Football is that door eternally open to the childhood of the fan, but also a window through which adulthood creeps in for some of its protagonists. With the chrome t-shirt removed, Vinicius Jr. and Ansu Fati could be two teenagers with a room full of posters and the floor strewn with soda cans, normal kids who smile angelic at the teacher because the dog has eaten his homework and well, what are you going to do: that’s where the advantages of the youth card end. As soon as the ball starts rolling next Sunday, a legion of aging condors will fix our eyes on them, waiting for them to solve the sentimental ballot with their runs, their dribbles and their goals. “We are the adults,” would be a good reminder to record with ink in hand because it may happen that, God forbid, we lose the game and then fall into the temptation of blaming them precisely.
At his age, my only obvious scar was limited to a split eyebrow because one day I started running and slipped: I wasn’t used to it. They, on the other hand, have them of all colors and in the form of family drama, of childhood marred by a cruel and unjust world, of injuries, of criticisms so fierce that they would provoke Herod’s embarrassment, especially in the case of Vinicius Jr. “Who can kill a child?” Chicho Ibáñez Serrador wondered in that celebrated film of his. Well, football, dear Chicho, football … Football understood as that amalgam of fans, journalists, managers, agents, advisers, fathers, mothers, brothers and other families, as in those abbreviated obituaries free of literature. The Brazilian knows it better than anyone, a boy who landed in Spain and Real Madrid fell on top of him, which must be something like trying to hug an Airbus A380-800 when it is landing. That this boy took flight after all that is almost a miracle, an abnormality that speaks of a special character, simplified in a good way, armored at levels that would be toxic to ordinary humans.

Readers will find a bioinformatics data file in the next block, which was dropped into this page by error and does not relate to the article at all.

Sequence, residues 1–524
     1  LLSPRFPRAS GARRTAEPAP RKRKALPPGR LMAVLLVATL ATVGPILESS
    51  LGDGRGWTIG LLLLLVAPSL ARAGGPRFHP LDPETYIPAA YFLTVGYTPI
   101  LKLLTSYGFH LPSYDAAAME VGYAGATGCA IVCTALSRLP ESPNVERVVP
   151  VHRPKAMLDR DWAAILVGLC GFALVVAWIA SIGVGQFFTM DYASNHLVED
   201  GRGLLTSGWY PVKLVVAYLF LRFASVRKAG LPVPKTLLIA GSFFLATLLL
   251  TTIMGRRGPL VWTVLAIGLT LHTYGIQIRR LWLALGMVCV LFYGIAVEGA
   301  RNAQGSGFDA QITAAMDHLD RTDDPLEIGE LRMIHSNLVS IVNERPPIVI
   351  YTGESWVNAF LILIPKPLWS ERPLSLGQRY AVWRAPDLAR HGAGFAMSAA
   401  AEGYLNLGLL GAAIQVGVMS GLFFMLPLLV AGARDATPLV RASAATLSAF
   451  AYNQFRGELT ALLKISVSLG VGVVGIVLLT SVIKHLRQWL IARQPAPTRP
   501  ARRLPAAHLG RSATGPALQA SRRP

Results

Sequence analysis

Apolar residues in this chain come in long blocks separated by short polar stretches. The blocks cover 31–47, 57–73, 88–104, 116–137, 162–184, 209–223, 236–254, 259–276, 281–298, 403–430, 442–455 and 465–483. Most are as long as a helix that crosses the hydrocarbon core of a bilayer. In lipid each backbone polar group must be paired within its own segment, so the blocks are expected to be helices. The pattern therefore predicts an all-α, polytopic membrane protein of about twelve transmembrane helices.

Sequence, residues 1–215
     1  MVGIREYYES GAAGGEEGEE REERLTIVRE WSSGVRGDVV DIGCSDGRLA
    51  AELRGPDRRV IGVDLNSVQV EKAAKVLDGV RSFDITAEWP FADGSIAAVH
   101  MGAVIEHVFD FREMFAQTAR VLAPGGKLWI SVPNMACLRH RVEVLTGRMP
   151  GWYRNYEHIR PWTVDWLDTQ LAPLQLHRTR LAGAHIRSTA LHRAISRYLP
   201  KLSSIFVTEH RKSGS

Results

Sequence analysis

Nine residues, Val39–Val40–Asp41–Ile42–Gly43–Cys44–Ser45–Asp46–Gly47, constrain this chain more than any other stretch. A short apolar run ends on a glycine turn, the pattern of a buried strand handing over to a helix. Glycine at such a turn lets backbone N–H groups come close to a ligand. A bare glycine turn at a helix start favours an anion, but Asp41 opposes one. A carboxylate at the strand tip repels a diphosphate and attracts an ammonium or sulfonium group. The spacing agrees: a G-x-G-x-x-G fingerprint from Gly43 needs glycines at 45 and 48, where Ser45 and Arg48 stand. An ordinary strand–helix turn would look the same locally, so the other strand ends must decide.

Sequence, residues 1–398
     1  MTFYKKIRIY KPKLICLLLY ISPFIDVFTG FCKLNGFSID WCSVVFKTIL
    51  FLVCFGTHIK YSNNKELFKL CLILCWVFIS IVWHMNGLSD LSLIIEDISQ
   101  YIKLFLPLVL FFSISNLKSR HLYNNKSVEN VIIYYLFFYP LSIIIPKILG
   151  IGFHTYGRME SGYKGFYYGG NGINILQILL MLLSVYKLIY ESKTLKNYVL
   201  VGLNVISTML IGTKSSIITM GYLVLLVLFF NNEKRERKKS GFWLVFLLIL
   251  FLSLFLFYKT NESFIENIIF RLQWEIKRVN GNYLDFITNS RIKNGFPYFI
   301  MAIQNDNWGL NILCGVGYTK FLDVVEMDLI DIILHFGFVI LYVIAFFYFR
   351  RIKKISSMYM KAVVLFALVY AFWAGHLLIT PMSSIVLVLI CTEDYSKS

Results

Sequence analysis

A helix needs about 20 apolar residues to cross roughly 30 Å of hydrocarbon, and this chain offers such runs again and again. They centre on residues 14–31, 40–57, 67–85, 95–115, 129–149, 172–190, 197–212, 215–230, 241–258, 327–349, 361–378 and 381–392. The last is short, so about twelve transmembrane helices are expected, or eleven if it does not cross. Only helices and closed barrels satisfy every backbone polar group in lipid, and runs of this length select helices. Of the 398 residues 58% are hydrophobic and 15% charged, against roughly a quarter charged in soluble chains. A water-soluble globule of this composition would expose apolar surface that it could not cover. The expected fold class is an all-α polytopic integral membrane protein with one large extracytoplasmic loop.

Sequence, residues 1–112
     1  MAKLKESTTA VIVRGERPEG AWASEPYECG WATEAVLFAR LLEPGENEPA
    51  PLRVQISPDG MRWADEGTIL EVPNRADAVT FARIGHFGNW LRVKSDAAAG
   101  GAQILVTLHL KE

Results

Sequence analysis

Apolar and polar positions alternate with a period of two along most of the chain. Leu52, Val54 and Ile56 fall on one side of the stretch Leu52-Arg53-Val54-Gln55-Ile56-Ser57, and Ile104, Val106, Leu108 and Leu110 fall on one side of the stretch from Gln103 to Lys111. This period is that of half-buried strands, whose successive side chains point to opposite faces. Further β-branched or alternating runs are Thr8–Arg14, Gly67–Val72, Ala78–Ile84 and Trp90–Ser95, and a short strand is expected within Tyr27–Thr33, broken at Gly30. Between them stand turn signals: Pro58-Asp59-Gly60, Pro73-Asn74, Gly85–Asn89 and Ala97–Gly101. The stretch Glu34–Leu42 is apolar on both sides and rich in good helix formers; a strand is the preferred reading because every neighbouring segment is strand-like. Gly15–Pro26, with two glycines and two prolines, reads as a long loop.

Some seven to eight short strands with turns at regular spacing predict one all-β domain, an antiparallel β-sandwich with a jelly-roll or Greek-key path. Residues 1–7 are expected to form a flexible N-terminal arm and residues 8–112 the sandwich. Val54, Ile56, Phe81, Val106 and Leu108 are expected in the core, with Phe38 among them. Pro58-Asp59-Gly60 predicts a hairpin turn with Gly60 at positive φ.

Everything was going more smoothly for Fati until that treacherous injury arrived that aborted its progression for a whole year, putting everything in doubt. That Messi embraces you expressly before the cameras is a third-party insurance that covers you from the first accidents. May Luis Enrique summon you to represent Spain when you are not old enough to swear a flag, an endorsement for self-esteem that is not bought for money. And yet, the normal thing would be that Ansu does not become a new Messi for obvious reasons: neither in theory nor in practice. Because Messi, who was also a child prodigy, there is only one and Ansu will be Fati or he will not be, a differential player without the gift of infallibility that accompanied the Argentine.
Soccer is a gadget that is built with the bones of footballers, some of them old enough to dress dolls or stage imaginary matches with clicks of Playmobil, whatever they want the most. And no matter how childish it may make us, no matter how much it takes us to a better time, we should not forget the golden rule of the new toy: do not break it, especially when you may be the only one who is unable to enjoy it: me, Without going any further, it happened to me with the Gusy Luz.
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Eddie is an Australian news reporter with over 9 years in the industry and has published on Forbes and tech crunch.